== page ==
Filed 10/28/20; Modified and Certified for Publication 11/25/20 (order attached)

IN THE COURT OF APPEAL OF THE STATE OF CALIFORNIA

SECOND APPELLATE DISTRICT

DIVISION SEVEN

SORAYA SABETIAN,

Plaintiff and Appellant,

v.

EXXON MOBIL CORPORATION et al.,

Defendants and Respondents.

B297107

(Los Angeles County

Super. Ct. No. BC475956)

APPEAL from the judgment of the Superior Court of Los Angeles County, John J. Kralik, Judge. Affirmed.

Weitz & Luxenberg, Benno Ashrafi and Josiah Parker for Plaintiff and Appellant.

Dentons US, Jayme C. Long, Justin Reade Sarno, Alexander B. Giraldo; Gibson, Dunn & Crutcher, Theodore J. Boutrous, Jr., Joshua S. Lipshutz and Joseph R. Rose for Defendants and Respondents Exxon Mobil Corporation and ExxonMobil Oil Corporation.

King & Spadling, Ashley C. Parrish, Peter A. Strotz, Steven D. Park and Anne M. Voigts for Defendants and Respondents Chevron U.S.A. Inc. and Texaco, Inc.

__________________________

Soraya Sabetian[1] appeals from a judgment entered after the trial court granted the motions for summary judgment filed by defendants Chevron U.S.A. Inc. and Texaco, Inc. (Chevron defendants), and Exxon Mobil Corporation and ExxonMobil Oil Corporation (Exxon defendants). Soraya and her husband Houshang Sabetian brought claims for negligence, premises liability, and loss of consortium, alleging Sabetian contracted mesothelioma caused by exposure to asbestos while he was an Iranian citizen working for the National Iranian Oil Company (NIOC) from about 1960 to 1979 in facilities controlled by defendants.[2] The trial court concluded the Chevron and Exxon defendants did not owe a duty of care to Sabetian.

On appeal Soraya contends the Chevron and Exxon defendants owed Sabetian a duty of care based on their predecessors’ control over the Abadan refinery in which Sabetian worked and a 1954 contractual agreement between the Iranian government and a consortium of international oil companies, including defendants’ predecessors in interest (the Agreement). Soraya also asserts the Chevron and Exxon defendants, through their predecessors, owed a duty to protect refinery workers like Sabetian from asbestos exposure based on a special relationship between the predecessors and the refinery workers arising from commitments in the Agreement.[3] We affirm.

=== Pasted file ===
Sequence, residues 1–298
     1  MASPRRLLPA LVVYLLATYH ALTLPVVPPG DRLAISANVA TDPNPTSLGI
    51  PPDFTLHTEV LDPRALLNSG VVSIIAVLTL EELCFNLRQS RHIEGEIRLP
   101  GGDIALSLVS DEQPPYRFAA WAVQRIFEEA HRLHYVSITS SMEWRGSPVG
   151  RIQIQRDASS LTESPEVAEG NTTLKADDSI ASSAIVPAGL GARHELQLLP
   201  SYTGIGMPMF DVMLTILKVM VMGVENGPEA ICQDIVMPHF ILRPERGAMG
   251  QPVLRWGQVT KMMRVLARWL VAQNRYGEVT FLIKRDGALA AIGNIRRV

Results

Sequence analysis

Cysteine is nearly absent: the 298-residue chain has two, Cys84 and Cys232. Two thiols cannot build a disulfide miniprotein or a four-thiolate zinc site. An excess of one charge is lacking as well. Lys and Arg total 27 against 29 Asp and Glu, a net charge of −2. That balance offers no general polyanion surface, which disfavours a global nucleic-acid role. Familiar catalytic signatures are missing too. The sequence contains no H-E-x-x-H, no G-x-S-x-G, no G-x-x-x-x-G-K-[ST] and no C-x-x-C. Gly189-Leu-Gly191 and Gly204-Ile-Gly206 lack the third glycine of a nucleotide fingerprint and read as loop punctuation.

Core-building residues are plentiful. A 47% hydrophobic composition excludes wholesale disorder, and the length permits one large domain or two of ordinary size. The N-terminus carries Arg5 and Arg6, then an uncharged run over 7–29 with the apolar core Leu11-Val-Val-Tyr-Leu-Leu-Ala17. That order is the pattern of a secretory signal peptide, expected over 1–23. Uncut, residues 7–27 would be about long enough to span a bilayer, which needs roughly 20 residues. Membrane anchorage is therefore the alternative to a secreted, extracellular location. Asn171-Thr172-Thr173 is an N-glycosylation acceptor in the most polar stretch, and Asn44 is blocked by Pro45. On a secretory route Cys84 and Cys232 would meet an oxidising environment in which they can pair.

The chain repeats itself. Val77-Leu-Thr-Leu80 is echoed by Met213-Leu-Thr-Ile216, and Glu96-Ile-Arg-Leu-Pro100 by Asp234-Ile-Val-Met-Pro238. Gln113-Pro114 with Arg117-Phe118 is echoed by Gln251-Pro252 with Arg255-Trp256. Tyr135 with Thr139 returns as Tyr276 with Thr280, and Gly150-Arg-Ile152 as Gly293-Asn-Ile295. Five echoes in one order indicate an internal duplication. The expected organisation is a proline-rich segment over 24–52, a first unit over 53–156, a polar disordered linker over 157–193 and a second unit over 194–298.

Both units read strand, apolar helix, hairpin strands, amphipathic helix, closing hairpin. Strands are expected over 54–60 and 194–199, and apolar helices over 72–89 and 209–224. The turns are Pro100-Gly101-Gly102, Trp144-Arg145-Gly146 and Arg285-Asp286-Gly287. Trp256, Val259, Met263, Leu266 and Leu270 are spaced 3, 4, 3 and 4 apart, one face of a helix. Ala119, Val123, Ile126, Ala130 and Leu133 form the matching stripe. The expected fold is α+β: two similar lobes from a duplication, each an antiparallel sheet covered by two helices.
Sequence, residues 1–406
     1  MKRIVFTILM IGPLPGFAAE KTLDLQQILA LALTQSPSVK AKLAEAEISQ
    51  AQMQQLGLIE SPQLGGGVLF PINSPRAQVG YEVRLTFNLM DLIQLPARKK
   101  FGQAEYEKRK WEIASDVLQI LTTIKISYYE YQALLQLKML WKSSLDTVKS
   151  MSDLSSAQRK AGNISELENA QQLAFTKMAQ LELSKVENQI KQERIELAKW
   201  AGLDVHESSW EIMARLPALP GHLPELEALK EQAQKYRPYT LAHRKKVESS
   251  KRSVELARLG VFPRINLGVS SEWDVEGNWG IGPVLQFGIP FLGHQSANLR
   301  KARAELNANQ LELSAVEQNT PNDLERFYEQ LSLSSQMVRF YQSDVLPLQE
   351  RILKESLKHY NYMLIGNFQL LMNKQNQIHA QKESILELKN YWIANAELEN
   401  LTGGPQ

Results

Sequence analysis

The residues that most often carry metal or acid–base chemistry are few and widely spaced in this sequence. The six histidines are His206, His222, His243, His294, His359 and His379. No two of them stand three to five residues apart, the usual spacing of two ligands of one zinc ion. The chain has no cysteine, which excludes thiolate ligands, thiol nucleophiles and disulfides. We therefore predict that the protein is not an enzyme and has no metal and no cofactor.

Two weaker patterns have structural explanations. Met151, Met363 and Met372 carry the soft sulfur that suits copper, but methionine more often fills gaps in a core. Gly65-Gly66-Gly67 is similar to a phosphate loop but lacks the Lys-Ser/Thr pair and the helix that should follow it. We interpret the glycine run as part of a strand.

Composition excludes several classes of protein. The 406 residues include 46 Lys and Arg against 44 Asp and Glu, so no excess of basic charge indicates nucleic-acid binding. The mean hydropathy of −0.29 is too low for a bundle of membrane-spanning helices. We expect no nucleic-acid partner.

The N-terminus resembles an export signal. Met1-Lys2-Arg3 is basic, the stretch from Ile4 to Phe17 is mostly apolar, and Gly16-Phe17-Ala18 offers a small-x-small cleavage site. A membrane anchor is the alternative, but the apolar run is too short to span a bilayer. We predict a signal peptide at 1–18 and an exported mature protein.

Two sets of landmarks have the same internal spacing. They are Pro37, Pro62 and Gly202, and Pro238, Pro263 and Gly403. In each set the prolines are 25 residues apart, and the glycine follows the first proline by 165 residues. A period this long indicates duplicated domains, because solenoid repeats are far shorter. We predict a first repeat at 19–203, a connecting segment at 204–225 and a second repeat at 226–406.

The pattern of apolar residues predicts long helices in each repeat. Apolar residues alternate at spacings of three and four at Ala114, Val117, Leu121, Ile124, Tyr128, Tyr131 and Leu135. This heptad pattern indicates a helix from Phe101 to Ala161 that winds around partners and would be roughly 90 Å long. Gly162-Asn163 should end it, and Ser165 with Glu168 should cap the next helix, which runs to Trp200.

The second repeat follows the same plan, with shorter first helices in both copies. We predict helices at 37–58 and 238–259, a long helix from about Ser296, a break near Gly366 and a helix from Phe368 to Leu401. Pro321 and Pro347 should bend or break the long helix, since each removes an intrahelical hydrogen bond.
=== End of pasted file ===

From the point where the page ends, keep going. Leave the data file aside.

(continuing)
FACTUAL AND PROCEDURAL BACKGROUND

The Agreement[4]

In 1951 the government of Iran nationalized its oil assets, assuming control from the Anglo-Iranian Oil Company, which was majority-owned by the government of Great Britain. In 1952 Iran formed NIOC to own and supervise all of Iran’s oil assets. But NIOC did not have access to the global oil markets. To avoid possible influence from the former Union of Soviet Socialist Republics, the United States “devised a plan in which a consortium of newly-formed international corporations would operate the Abadan refinery and some of the other Iranian Oil Premises, under Iranian supervision.”[5] The United States invited several major American companies with operations in the Middle East to participate in an international consortium with other oil companies.